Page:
Stevenage carol concert will pay tribute to composers with connections to town’s Rook’s Nest landmark
- Credit: Archant
Echoes of Stevenage’s musical heritage will ring out in a carol concert raising money for modern-day good causes.
Stevenage Arts Guild’s Christmas event is steeped in history – included in the programme will be works by composers Elizabeth Poston and Malcolm Williamson, along with the more traditional carols.
The guild was founded in the 1950s to encourage artistic endeavours in the area.
And the concert – at the town’s St Nicholas Church on Saturday, December 5 – will include performances from the newly-formed Jubilate Singers, Almond Hill school choir, a brass ensemble from Barclay School and young cellists from Datchworth Primary School.
Joining them are Lydia Dobson, one of the Arts Guild’s talented young stars, violinist Daniel Garvin and singers Erin John and Hannah Coombe.
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The concert starts at 3pm, with refreshments to follow the music.
The two composers both lived for a time at Rook’s Nest House, the landmark best known as the one-time home of author E. M. Forster.
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Malcolm Williamson, the Australian who was the first ‘foreigner’ to become Master of the Queen’s Music, lived there for two years from 1990.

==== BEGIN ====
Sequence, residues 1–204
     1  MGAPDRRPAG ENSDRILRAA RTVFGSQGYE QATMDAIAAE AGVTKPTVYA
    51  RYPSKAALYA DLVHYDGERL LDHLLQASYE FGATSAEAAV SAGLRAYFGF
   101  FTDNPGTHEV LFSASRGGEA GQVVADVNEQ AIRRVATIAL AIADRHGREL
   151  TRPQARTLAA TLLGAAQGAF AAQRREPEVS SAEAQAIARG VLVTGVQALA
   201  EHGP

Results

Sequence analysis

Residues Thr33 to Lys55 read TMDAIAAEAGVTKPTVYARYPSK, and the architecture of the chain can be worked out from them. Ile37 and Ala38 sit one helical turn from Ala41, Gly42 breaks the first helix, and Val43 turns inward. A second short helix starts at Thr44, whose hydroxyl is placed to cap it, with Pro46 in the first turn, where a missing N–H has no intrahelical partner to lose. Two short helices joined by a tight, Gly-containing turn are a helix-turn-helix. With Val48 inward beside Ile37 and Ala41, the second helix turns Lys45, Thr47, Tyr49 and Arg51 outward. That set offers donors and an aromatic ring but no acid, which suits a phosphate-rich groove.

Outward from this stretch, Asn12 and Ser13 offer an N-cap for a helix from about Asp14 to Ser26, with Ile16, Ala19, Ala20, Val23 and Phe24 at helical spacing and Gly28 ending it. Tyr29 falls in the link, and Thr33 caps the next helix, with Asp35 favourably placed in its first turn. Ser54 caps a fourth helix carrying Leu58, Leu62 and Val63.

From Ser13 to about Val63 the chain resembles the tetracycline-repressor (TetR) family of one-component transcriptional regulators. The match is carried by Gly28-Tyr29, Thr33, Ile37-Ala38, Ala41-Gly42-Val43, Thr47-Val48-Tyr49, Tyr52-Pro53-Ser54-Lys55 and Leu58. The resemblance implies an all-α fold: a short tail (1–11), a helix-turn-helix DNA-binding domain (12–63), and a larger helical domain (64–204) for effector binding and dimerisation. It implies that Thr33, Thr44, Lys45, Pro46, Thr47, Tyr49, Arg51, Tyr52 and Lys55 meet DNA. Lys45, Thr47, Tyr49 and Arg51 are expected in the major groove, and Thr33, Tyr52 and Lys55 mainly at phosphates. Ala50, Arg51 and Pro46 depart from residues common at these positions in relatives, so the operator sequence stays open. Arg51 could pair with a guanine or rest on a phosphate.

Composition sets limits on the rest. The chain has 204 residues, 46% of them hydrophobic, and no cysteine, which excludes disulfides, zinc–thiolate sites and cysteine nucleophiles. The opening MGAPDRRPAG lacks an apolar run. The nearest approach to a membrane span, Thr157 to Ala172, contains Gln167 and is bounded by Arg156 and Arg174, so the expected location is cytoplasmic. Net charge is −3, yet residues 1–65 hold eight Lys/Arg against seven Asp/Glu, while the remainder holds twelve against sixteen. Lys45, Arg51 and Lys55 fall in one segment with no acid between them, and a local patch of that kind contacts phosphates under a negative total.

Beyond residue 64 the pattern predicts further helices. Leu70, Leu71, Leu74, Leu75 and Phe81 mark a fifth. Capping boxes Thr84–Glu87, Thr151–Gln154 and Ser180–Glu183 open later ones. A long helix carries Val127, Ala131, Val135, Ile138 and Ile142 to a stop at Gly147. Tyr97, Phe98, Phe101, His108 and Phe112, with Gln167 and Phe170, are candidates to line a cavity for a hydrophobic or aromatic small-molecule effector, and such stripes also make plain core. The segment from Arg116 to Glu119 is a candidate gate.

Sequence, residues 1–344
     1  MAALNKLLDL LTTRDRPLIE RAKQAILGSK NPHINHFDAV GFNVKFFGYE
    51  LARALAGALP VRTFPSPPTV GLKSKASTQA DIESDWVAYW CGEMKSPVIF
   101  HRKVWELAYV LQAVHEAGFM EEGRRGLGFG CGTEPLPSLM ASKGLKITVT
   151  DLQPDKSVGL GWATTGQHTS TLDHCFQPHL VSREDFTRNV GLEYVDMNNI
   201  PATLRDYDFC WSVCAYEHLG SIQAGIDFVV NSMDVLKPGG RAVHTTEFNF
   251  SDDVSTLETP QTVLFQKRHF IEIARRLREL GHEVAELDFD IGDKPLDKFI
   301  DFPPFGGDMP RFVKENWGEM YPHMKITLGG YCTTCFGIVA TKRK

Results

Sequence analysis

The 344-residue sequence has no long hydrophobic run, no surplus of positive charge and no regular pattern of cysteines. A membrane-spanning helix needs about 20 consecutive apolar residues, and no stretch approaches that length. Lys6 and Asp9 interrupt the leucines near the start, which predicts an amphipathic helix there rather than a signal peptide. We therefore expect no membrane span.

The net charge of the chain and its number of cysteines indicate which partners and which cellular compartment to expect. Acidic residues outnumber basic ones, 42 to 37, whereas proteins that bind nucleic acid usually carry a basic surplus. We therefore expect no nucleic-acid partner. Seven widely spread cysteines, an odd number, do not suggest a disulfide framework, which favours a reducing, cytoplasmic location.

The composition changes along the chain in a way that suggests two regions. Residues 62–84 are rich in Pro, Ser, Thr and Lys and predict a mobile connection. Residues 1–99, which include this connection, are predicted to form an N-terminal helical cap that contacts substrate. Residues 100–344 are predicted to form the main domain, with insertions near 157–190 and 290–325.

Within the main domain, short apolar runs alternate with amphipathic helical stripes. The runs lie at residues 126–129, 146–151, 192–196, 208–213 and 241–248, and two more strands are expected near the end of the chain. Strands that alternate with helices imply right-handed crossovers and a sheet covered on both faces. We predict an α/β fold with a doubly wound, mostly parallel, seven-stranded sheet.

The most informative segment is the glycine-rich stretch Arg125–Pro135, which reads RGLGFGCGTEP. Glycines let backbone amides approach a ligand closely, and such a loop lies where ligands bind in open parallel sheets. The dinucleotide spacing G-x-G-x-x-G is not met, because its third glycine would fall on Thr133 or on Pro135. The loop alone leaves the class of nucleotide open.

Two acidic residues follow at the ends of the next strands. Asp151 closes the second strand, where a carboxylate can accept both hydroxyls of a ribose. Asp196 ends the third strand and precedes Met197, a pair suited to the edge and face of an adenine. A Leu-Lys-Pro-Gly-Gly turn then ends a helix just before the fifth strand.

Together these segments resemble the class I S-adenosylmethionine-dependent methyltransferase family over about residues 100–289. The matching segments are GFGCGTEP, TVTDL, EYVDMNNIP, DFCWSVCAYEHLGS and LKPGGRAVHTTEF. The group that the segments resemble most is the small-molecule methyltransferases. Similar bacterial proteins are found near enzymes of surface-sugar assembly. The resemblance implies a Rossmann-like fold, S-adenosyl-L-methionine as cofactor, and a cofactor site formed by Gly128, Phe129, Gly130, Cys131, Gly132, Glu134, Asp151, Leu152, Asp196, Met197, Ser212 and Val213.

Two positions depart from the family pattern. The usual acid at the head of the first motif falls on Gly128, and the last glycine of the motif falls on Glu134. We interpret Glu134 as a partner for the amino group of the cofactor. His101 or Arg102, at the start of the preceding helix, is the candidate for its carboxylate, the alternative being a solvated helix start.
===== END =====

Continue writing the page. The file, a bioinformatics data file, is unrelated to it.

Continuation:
But Elizabeth Poston’s links to the house date back to Forster’s era.
Rook’s Nest House was his childhood home, and he was a regular worshipper at St Nicholas – a place of worship for more than 900 years – in his youth.
It provided the inspiration for the famous Howard’s End novel which is considered by many to be his masterpiece.
Poston was first a neighbour, living in nearby Highfield House before she moved into Rook’s Nest with her mother in 1914. She remained there until her death in 1987.
She was very much a part of the local community and Arts Guild chair Hilary Spiers recalled: “Elizabeth was a prominent person in the local musical world.
“She was president of the Stevenage Music Society and often composed music for local events, including music for the 500th anniversary of Alleyne’s School, as well as events at the church.”
Both made more than a musical contribution to the area – they were also involved in campaigns to save the house and the land around it from development as Stevenage’s new town expanded.
When Poston told Forster of the threat to the house in 1946, the pair supported the campaign to save it.
Forster, talking of the area in a radio broadcast of the time, said: “I was brought up as a boy in one of the home counties in a district which I still think the loveliest in England.”
Rook’s Nest House still stands today and that area of Stevenage is often fondly referred to as ‘Forster country’.
Tickets for next month’s concert – which includes a number of pieces by both artists, including Poston’s ‘Jesus Christ The Apple Tree’ – are £5. Call Hilary on 01438 350217 or email email@example.com to reserve yours.